The Volkswagen Beetle could ride again, reviving the rear engined and rear wheel drive layout that defined the original - but this time the engine will be all electric giving the new Beetle a very modern twist.
That’s according to Volkswagen chairman Herbert Diess, who revealed that the German carmaker is actively looking at creating a third generation of the ‘new Beetle’ based on the Volkswagen Group’s modular MEB electric platform.
The proposed new electric-powered Beetle, which would act as a sister model to the modern day Microbus presaged by the I.D. Buzz concept at the 2017 Detroit motor show, is one of a number of proposals that are planned to be put before Volkswagen board members when they meet to vote on ways to build on plans to extend the company’s initial range of electric powered models.
“The next decision on electric cars will be what kind of emotional concepts we need,” says Diess.
Quantifying what is meant by the term “emotional concepts”, Volkswagen’s 59-year-old chairman says it covers cars like the Microbus and Beetle as well as open top models such as the Kubelwagen and Buggy.
Diess denies any firm decisions on the successor to the Beetle have yet been made. However, he suggests any direct successor model would be electric.
“If we wanted to do a Beetle, electrically it would be much better than today’s model, much closer to history, because it could be rear-wheel drive,” he explains.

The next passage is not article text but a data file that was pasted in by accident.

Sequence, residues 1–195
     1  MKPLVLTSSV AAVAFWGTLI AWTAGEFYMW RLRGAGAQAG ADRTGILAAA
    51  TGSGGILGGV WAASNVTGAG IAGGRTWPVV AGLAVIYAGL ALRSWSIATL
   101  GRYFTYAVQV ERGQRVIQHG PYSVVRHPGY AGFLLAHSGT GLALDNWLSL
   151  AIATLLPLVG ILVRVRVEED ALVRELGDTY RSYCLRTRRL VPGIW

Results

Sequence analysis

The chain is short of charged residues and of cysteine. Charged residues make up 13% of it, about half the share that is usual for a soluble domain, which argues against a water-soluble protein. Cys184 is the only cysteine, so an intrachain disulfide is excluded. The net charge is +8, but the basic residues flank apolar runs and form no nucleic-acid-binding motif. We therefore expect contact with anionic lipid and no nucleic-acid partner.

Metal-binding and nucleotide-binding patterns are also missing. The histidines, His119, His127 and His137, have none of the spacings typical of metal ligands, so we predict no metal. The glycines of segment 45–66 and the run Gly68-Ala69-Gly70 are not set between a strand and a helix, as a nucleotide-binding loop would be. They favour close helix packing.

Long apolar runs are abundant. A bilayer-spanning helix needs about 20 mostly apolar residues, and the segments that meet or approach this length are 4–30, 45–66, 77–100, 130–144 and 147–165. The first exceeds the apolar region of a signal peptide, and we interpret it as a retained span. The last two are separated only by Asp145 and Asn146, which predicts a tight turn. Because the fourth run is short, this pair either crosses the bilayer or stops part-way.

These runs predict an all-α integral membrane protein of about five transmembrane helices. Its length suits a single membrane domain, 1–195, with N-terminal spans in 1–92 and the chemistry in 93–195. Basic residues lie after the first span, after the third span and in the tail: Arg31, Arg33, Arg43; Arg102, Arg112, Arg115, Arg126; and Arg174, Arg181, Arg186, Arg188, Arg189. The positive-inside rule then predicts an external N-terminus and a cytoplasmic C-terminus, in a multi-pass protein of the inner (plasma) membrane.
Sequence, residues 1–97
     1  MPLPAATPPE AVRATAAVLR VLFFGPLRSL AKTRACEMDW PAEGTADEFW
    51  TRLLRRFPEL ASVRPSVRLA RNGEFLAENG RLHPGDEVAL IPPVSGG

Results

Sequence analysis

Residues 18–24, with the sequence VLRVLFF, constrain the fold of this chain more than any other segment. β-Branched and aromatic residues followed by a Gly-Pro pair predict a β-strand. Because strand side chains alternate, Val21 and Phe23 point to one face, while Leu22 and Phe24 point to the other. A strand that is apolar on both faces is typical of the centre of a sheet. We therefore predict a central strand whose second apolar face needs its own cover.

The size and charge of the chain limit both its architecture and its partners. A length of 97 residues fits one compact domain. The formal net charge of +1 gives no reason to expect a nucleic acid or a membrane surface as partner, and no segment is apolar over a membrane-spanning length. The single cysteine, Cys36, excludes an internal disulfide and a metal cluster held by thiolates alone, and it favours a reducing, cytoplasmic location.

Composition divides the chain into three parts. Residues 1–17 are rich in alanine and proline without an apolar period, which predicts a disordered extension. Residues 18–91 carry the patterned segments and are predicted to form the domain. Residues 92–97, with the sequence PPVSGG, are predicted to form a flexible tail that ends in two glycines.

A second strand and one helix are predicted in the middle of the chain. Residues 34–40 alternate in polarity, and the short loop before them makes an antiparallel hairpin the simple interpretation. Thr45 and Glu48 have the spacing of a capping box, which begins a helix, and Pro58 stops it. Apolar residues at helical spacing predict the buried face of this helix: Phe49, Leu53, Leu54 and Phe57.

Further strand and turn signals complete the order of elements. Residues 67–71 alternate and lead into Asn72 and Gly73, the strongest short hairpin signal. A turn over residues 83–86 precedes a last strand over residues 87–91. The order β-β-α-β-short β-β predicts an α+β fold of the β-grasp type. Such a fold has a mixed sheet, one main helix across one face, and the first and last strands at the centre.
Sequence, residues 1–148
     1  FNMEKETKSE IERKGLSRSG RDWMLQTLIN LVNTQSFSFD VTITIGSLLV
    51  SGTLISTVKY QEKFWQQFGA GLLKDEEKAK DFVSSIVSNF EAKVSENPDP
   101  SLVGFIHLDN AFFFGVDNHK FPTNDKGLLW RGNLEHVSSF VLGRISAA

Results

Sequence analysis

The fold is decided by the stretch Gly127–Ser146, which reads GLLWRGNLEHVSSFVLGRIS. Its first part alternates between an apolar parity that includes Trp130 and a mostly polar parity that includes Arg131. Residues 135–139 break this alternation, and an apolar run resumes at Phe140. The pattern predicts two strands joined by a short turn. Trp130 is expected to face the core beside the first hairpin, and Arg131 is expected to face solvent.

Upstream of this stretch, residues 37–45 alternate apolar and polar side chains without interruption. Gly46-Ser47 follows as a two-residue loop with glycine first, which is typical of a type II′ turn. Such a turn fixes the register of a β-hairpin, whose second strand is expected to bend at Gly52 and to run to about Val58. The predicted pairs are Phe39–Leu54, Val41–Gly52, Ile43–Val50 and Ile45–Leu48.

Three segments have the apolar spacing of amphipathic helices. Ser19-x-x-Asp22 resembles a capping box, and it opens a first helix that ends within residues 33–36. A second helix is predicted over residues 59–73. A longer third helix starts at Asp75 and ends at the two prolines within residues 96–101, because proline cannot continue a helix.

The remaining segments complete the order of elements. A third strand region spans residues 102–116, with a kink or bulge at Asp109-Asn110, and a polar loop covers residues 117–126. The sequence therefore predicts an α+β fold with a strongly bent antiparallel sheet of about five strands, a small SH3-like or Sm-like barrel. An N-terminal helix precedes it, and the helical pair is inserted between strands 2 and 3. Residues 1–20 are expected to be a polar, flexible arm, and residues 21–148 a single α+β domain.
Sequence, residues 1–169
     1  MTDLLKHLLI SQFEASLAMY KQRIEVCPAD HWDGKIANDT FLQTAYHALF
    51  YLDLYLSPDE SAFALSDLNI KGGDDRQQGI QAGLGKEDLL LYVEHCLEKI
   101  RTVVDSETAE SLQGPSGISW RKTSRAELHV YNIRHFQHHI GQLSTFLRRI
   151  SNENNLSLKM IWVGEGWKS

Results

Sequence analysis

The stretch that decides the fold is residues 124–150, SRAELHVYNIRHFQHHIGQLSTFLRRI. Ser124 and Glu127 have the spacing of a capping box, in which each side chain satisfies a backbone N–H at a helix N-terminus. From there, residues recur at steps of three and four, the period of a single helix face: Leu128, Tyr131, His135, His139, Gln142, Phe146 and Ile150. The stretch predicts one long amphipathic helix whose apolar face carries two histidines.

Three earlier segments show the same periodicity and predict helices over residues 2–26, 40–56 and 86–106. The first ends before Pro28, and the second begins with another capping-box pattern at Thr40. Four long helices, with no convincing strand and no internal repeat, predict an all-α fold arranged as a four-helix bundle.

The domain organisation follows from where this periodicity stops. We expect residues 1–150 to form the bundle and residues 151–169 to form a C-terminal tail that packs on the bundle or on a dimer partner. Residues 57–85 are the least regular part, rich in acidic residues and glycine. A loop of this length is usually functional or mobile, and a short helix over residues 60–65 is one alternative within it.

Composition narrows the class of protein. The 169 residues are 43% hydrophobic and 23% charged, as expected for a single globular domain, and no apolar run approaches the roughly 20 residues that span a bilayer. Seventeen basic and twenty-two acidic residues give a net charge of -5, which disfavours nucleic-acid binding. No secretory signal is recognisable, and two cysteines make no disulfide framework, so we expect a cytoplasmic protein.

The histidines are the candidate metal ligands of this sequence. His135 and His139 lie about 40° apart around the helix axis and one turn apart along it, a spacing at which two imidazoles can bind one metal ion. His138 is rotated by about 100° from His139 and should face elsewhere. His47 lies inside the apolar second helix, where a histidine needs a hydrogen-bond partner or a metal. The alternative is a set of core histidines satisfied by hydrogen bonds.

Diess says the MEB platform provides the perfect basis for what he describes as emotional concepts like the Beetle.
“We have a good chance on the electric side. You can do derivatives efficiently. We have a very flexible platform. We can do nice things: rear wheel drive, front-wheel drive, all-wheel drive.”
Volkswagen has already displayed the possible rear drive capabilities of the new MEB platform in 2016 with the I.D. hatch concept, which is set to go into production in 2019 as the first of Volkswagen’s range of EVs.
The I.D. concept used a single 110kW/260Nm electric motor contained within the rear axle providing drive directly to the rear wheels.
Volkswagen’s original Beetle debuted in 1939 powered by an air-cooled four-cylinder boxer engine mounted behind the rear axle - a move designed to free up interior and storage space in the original car.
The move to a rear-mounted electric motor could have a similarly beneficial effect on a modern day Beetle opening up a number of packaging advantages not seen on today’s front-engined/front-wheel drive model, including a front luggage compartment similar to that of the original.
Volkswagen resurrected the Beetle as a modern day model in 1997 following positive reception to retro-inspired Concept One show car revealed at the 1994 Detroit motor show. The first generation modern-day model was produced at Volkswagen’s plant in Puebla, Mexico until 2010, when it was succeeded by a second-generation model that remains on sale today.
Diess confirmed to Drive that the MEB platform was already planned to support up to 15 new electric powered models with the Volkswagen Group, which includes the Volkswagen, Audi, Seat, Skoda, Bentley, Bugatti, Lamborghini and Porsche brands.